Level up: why Netflix and TikTok are turning to gaming to secure their future

June 23, 2022

This article was co-authored by Bond University Professor James Birt and Dr Darren Paul Fisher and originally published in Conversation.

It war streaming is heating up. In March, Disney postponed the release date Obi-Wan Kenobi until May 27 to coincide with the launch of Netflix top show, Foreign object. This is behind the Google announcement owned by YouTube Shorts equals 1.5 billion TikTok subscribers in the short form video market.

Facing increasingly fierce competition, decrease in number of customers and the loss of content, Netflix and TikTok will have to diversify. And for this they turn to the game. With over three billion players worldwide, and an estimated market share of US$200 billion, the gaming industry is both popular and profitable.

Netflix introduced last year’s mobile game for all its customers. This includes the two famous Stranger Things bonds. Meanwhile, TikTok has been offering games to select users since 2019 and it seems very likely to be expand this offer.

Retain existing customers

Both Netflix and TikTok have transformed the entertainment business.

They appear diametrically opposite on the surface. The former earns revenue from subscriptions, and spends millions of dollars licensing or creating content. The latter makes money by linking viewers to advertisers, with the help of streaming “influencers” who have mastered the art of short-form video.

However, both platforms share some key characteristics. They both:

  1. sending video content over the internet
  2. aim to continue to grow their user base
  3. benefit from unique and original content
  4. collect user data and use it to improve their services, and
  5. face considerable and increasing competition from other companies and entertainment media.

Many films and television series that are very popular are leave Netflix for competing platforms. At the same time, TikTok is also losing short-form video influencers to others platform. Both platforms are looking for new strategies for customer retention, growth, and original content.

This is where the game comes in. According to one consumer insight report, 79% of the world’s online population engage with the game in several forms. And millennials rate gaming as the most popular or second most popular entertainment activity – after watching other people play games on video platforms.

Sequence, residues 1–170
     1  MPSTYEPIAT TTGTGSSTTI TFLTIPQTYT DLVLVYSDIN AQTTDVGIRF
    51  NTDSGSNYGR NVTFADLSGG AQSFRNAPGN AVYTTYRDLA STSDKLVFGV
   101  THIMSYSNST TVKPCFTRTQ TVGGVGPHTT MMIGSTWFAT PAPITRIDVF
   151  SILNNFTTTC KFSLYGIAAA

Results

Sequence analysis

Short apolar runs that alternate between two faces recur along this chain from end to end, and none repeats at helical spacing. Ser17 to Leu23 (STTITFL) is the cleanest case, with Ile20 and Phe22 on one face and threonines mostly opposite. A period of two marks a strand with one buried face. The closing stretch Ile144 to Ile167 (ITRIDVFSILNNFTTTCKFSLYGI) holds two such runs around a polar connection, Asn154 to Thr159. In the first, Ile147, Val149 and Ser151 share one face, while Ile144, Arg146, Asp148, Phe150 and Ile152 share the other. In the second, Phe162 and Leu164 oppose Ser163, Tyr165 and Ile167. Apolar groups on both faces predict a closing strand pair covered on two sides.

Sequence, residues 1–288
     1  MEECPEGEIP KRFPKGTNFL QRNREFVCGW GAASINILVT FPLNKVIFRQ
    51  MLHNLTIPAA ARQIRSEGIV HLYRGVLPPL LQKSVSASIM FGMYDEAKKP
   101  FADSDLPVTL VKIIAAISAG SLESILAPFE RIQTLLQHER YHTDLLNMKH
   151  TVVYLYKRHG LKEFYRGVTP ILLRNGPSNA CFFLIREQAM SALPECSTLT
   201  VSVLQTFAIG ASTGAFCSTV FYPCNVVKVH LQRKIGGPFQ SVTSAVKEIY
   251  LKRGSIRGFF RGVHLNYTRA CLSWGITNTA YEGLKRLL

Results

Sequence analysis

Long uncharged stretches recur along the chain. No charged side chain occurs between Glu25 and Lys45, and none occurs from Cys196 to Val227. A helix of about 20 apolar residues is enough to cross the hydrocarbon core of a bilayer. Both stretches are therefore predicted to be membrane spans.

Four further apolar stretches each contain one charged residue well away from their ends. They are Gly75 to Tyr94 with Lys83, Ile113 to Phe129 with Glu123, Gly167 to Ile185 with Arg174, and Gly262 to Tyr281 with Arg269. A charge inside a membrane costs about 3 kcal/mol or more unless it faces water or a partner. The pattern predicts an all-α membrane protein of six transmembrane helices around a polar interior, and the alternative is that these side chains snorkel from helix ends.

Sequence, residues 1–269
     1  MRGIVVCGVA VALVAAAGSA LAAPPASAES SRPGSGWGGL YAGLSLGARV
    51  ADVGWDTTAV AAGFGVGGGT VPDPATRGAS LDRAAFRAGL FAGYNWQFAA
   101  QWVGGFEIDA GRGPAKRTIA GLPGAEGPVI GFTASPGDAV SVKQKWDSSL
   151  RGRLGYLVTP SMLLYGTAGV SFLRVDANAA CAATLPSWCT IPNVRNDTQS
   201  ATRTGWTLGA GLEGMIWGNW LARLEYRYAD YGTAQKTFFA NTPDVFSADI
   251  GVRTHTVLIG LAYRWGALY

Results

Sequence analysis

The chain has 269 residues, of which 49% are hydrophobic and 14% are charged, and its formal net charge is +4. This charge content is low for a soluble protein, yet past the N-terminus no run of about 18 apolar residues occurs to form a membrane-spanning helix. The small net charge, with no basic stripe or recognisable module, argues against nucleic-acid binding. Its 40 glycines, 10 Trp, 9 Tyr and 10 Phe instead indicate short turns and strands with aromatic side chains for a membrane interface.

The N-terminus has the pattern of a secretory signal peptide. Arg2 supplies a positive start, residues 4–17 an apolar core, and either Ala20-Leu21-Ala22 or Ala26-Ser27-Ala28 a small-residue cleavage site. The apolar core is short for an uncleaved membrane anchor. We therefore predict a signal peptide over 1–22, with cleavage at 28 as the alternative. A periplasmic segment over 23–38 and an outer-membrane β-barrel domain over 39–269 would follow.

Why is gaming an interesting space?

Games usually provide a longer engagement period than series or movies. This is because psychological motivation principle which supports most of the gameplay.

People who invest in games will often seek additional narrative (or “knowledge”) in the form of shows and films. Alternatively, audiences who are invested in the show can also view video games to provide alternative narratives and world-building opportunities. So events direct subscribers to games, and games keep them engaged between season releases.

This technique of storytelling across multiple platforms and formats is known as “storytelling transmedia” and has been used with great success by broadcasting, social media, and gaming companies. This is what platforms are risking to keep viewers locked in their entertainment ecosystem.

Content creation has boom since the pandemic, and younger audiences are spending more time than ever before watching user-generated content online. They have been specially tuned into games like Crab Games (a fan-made version of the popular Netflix show Squid Game) – which also has millions of watch hours on the Twitch streaming service.

The emergence of Minecraft as a popular one game “modification” (where players can collectively change the game room through their own modifications) have also helped with video streaming and subscription services. Minecraft related videos have been streamed over a trillion times on YouTube.

Transmedia’s success provides additional avenues for companies looking to take advantage of their copyrighted licensed or original content.

Intellectual property and data analytics

We know that games increase attention, motivation, emotion and sociability among players.

Companies like the game hosting platform Steam have shown user data can affect creation of new content by game developers. In fact, this is a market advantage that Netflix and TikTok have over their competitors.

For example, one could easily imagine that a popular character in a game, as revealed through game data, would also be more likely to be featured in future events based on that game.

Netflix and TikTok could lose big

When we talk about streaming wars and greater competition, it’s not an equal playing field. There are important differences between Netflix and TikTok, and other players like Disney+, Amazon Prime, Apple TV, and YouTube.

Netflix is ​​in the streaming business, and TikTok is in the video hosting industry. On the other hand, based on revenue, Disney is in the amusement park and toy business, Amazon is in the online sales industry, Apple is in the computing and telephone industry, and Google is in the search and advertising industry.

For these companies, video streaming and hosting are small side businesses that provide useful data to feed larger machines. So in the “streaming war” they have little to lose, because they can run this side business at a loss.

Netflix and TikTok are not so lucky. By turning to the game, they achieve the lifeline they really need.

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